After 4 Years Of Homeschooling, I Totally Made Up My Son’s 5th-Grade Curriculum And It Was Fine

by Stephanie Kaloi

My son has been homeschooling since first grade, after we moved across the country and were promptly informed by our neighborhood school that it did not feel prepared to adequately provide resources needed to navigate his three chronic health conditions.

We intended to find him a different school to attend after that first semester but somehow just never got around to it. Homeschooling was never seriously on our horizon, and, like many homeschooling parents, we stumbled and fumbled and have, eventually, found something that works for us.

A lot of homeschooling parents definitely go through a bit of a process before they land on a system that makes sense for their kids. Part of this is that homeschooling your child means that you have to de-school yourself — you have to completely let go of the expectation that “school” looks only one way.

Often, that one way is however you experienced school as a child. I was definitely guilty of clinging to this idea, to the point that my son’s first year of homeschooling was very scheduled, with color-coded times for various activities, and he even had a little desk to sit at.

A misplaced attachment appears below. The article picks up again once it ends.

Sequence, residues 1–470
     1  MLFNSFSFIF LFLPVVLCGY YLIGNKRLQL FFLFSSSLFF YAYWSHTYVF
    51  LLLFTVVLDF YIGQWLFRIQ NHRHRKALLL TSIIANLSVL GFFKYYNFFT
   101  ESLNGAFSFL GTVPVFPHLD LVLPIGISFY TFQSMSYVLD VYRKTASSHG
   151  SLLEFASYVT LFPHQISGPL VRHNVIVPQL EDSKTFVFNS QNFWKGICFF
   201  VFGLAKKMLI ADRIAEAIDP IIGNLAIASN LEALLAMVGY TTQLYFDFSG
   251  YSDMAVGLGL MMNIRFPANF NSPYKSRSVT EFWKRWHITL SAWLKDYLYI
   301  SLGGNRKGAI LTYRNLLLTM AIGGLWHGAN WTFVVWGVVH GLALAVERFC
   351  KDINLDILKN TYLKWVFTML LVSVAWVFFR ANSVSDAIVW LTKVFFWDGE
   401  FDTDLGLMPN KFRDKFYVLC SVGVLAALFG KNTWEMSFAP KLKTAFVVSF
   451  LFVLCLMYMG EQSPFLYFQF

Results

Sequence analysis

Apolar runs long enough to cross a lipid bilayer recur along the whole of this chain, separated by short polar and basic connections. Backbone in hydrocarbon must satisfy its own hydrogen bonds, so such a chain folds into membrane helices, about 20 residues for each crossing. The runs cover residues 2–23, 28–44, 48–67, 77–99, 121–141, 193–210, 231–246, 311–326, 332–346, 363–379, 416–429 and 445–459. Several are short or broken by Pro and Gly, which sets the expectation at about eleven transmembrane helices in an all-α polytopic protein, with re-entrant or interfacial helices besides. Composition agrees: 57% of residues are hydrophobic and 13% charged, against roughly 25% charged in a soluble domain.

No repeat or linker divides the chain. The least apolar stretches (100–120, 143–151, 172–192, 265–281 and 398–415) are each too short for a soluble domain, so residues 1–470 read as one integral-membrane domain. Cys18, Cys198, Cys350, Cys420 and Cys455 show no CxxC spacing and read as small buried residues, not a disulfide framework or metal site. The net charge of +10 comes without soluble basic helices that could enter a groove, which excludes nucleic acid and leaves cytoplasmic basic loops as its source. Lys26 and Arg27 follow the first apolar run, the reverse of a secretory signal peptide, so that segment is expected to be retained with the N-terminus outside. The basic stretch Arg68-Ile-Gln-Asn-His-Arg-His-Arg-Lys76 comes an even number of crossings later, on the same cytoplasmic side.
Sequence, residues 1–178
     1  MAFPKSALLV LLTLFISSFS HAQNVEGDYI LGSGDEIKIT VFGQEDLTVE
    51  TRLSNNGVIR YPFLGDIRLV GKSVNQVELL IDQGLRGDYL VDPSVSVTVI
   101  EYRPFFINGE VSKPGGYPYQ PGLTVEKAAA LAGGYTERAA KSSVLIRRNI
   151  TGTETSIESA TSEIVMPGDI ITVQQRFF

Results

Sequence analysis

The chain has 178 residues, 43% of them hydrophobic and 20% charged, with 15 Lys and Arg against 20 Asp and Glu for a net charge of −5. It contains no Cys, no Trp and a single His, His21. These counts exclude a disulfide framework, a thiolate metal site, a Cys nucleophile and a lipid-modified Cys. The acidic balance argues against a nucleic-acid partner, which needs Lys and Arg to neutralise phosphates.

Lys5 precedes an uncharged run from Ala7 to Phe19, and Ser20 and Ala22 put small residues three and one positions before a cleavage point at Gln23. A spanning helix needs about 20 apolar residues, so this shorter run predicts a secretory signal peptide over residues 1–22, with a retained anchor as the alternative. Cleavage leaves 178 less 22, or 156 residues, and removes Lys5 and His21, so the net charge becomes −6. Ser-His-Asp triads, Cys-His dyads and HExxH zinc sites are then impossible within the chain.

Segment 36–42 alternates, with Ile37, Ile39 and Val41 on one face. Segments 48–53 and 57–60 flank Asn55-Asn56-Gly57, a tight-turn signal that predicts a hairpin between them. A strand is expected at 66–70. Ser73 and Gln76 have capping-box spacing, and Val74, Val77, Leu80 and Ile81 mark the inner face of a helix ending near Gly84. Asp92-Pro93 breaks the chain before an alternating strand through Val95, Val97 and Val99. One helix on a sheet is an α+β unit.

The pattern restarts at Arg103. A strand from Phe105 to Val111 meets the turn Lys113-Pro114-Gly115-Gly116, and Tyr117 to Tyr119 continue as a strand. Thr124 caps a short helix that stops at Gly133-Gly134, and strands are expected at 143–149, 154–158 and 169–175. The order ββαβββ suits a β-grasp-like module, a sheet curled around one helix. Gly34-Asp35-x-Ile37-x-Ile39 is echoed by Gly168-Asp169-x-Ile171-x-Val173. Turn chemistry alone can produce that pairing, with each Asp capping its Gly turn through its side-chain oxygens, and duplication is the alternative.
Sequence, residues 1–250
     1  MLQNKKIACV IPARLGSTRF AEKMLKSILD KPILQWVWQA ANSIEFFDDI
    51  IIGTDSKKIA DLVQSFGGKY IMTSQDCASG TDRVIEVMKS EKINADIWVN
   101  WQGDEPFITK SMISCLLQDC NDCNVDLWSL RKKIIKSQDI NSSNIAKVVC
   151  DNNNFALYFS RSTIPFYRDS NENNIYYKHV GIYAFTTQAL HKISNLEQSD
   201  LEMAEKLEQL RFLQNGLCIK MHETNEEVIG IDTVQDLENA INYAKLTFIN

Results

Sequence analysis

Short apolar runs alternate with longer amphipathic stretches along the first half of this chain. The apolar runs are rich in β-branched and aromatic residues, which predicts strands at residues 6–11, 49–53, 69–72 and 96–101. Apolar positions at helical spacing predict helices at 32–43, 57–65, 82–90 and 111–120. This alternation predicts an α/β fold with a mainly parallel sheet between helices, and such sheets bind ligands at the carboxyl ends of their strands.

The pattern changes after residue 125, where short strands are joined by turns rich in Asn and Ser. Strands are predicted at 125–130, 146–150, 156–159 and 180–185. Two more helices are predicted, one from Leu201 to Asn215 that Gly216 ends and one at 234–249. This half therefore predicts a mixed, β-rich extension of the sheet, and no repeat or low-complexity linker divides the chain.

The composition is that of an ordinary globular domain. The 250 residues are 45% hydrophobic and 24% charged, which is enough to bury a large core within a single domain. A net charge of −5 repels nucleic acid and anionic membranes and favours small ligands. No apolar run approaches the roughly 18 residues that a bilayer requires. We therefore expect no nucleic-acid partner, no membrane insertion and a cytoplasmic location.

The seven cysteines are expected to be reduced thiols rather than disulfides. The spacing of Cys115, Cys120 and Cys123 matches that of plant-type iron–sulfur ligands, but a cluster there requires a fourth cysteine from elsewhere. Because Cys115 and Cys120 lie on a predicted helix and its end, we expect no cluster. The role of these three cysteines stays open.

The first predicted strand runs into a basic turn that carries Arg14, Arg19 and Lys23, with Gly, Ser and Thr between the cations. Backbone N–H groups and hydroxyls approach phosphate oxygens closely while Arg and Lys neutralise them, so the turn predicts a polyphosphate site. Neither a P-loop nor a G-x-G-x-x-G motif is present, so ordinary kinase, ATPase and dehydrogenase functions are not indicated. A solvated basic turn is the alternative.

It was cute! But it was also not realistic, and I realized about halfway through the school year that we were making this way too hard on ourselves. And that’s really easy to do, because when you decide to homeschool your child, you’re deciding to take on a huge load of responsibility that would otherwise fall onto someone who is trained and paid to do it (I love you, teachers).

I spent the first year or two determinedly sticking to curriculum that I found online, making sure that he was properly exposed to all of the “essential” subjects and that I rigidly followed the guidelines published by the state that we lived in. And then he hit third grade, and it became very obvious this system wasn’t working for anyone in the home. So I decided to do what any reasonable homeschooling mom would do and just blew it all up.